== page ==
Updated from 11:58 a.m. EDT
Energy prices generally retreated Tuesday as traders sold futures to lock in profits ahead of another expected buildup in crude supplies.
Light, sweet crude lost 51 cents to settle at $66.23 a barrel on the Nymex. The May contract hit a high of $67.90 barrel on Monday, but fell to a close of $66.74. Over the past week, crude futures have risen 5% thanks to a mix of supply problems in Nigeria, an ongoing tussle with Iran over its nuclear program and low gasoline supplies.
Supplies of crude, currently at their highest point in seven years, are expected to increase by 1.2 million barrels from 340.7 million barrels, according to a
poll of analysts. Oil has been building up at refineries because they are processing at lower rates, owing to a heavy maintenance schedule.
The Energy Department will release its weekly update on petroleum inventories at 10:30 a.m. EDT Wednesday.
Despite high crude supplies, ongoing supply problems abroad and an inflow of new money into the energy markets have kept oil prices high. Nigerian rebels have blown up pipelines and driven down that country's crude production by 27%, or 641,000 barrels.
Foreign oil companies, such as
Royal Dutch Shell
( RDS-A), which has lost around 455,000 barrels of daily crude production, have been particularly hard-hit.
Iran, despite a U.N. Security Council censure, has refused to cease small-scale uranium enrichment. The international community has considered the possibility of economic sanctions but is unlikely to follow through, analysts say. Last week, the Security Council said Iran had 30 days to cease its nuclear development activities.
On Tuesday, the Iranian foreign minister, Manouchehr Mottaki, said Tehran would disregard the Security Council's "political decision" and continue enriching uranium. Mottaki did hold out an olive branch and said Iran would work with the International Atomic Energy Agency, the U.N.'s nuclear watchdog,
Another hotspot is Venezuela, where the government seized two oil fields from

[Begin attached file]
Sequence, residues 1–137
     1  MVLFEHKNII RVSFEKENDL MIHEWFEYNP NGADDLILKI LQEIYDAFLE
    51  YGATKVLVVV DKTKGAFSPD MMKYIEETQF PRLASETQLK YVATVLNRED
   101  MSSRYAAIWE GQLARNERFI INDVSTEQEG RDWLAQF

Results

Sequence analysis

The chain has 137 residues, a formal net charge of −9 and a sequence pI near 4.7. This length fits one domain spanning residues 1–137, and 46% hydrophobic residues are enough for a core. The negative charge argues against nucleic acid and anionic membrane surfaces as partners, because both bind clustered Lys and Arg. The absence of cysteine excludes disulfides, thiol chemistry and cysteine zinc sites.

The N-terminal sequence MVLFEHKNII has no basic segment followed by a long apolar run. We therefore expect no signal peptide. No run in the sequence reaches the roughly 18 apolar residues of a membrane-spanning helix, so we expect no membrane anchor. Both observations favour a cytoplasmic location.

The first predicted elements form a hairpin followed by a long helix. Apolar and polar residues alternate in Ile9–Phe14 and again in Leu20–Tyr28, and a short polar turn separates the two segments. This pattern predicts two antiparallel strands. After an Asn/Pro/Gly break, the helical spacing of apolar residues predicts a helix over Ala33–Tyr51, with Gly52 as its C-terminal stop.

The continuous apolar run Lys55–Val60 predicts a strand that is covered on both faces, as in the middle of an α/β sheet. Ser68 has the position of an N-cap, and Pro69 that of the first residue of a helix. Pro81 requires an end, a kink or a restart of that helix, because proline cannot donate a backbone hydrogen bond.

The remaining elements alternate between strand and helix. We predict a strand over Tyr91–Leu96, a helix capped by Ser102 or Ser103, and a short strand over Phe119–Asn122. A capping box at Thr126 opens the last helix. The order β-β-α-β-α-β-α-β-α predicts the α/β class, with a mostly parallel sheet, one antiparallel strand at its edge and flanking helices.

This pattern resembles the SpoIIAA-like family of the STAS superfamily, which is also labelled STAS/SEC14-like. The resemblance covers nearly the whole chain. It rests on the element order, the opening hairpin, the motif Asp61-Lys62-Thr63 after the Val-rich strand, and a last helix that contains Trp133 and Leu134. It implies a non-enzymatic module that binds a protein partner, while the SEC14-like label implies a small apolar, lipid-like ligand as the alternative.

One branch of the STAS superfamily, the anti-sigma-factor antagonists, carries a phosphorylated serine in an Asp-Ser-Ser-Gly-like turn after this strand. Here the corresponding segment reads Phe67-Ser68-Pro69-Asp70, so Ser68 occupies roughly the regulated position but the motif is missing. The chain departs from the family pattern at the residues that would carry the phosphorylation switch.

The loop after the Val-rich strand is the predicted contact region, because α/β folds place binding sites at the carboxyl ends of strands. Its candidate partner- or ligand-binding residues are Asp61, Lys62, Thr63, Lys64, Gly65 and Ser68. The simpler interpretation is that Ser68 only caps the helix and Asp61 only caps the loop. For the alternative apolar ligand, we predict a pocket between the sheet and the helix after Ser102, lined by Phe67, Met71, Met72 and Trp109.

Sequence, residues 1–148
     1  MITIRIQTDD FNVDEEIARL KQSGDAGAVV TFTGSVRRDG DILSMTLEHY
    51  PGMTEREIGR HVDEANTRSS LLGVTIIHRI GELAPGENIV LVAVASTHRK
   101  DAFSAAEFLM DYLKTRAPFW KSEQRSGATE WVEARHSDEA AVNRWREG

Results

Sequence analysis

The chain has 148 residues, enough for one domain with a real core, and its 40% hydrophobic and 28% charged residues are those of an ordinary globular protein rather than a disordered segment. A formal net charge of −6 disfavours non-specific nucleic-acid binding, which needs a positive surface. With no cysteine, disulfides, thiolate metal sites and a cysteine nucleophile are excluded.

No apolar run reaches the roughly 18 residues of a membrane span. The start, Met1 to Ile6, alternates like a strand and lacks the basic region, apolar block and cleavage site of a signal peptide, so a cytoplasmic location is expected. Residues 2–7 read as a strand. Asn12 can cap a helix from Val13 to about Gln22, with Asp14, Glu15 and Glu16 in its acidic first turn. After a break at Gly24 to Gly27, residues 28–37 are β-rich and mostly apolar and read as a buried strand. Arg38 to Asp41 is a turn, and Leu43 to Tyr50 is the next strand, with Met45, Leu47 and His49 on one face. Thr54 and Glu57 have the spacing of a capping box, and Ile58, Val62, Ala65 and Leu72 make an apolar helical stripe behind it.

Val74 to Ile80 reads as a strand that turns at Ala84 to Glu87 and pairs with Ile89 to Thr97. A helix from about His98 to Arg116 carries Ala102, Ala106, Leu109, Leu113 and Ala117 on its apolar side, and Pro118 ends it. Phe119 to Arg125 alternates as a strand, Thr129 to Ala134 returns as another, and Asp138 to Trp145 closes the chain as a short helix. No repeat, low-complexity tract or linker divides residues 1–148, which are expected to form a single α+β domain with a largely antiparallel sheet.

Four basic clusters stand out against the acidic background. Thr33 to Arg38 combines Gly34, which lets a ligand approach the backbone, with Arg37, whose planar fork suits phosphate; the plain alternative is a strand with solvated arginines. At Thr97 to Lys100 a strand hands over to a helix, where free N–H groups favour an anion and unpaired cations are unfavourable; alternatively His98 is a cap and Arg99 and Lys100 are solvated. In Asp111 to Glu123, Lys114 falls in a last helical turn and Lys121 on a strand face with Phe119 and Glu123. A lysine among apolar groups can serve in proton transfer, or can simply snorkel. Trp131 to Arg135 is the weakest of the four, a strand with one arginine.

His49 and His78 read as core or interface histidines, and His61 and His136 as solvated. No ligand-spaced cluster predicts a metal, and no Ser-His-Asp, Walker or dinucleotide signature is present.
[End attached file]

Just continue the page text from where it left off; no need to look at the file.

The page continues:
and Italian oil firm
on Sunday. The fields produce nearly 100,000 barrels of crude a day.
Venezuela is trying to bring its petroleum industry under state control and has targeted 32 oil fields run by national and foreign companies.
Unleaded gasoline gained 3 cents to close at $1.89 a gallon on expectations of another drawdown in supplies. Analysts polled by
expect gasoline inventories to drop 1.4 million barrels from 216.2 million barrels last week because less crude is being refined into derivative products. Inventories dropped 5.4 million barrels the previous week, the largest decline in the past three years.
Refiners, which usually close some of their units for maintenance in February and March, have extended that schedule into May this year because of new fuel requirements. By May 31, refiners must phase out methyl tertiary butyl ether, a gasoline additive linked to water pollution, in favor of reformulated gasoline that can be blended with ethanol.
Warm weather and surplus stockpiles drove down the price of heating oil 1 cent to $1.85 a gallon. Thanks to one of the five warmest winters on record, the supply of distillates, which include heating oil, is up 15% over a year ago.
Mild temperatures have also boosted supplies of natural gas 37% over a year ago. Natural gas, which is used to heat homes and businesses, was down 18 cents to $7.06 per million British thermal units. Factories and utilities have been switching to natural gas from fuel oil to take advantage of low prices.
Energy stocks and indices gained ground despite lower oil prices. The Philadelphia Oil Service Sector index was up 1%, while the Amex Oil Index added 1.5%. Shell picked up $1.04 to $63.89,
gained 84 cents to $59.81, and
inched up 58 cents to $61.61.
rose 75 cents to $65.16 after the oil giant said first-quarter production would be "similar" to output in the fourth quarter of 1.6 million barrels a day. Higher output in Venezuela, Australia and the U.S will likely be offset by lower production in Norway, Nigeria, and Alaska.
Refining and marketing margins are expected to be lower than the previous quarter because of higher maintenance costs of $150 million and lower crude prices.
chairman and chief executive said at an industry conference on Monday that he expects the company's revenue growth to be in the "mid to high teens" for the rest of the decade,
reported. Annual revenue jumped 25% in 2005 to $14.3 billion as oil companies increased drilling. Shares of Schlumberger, an oil services company, jumped $2.23, or 1.8%, to $129.53.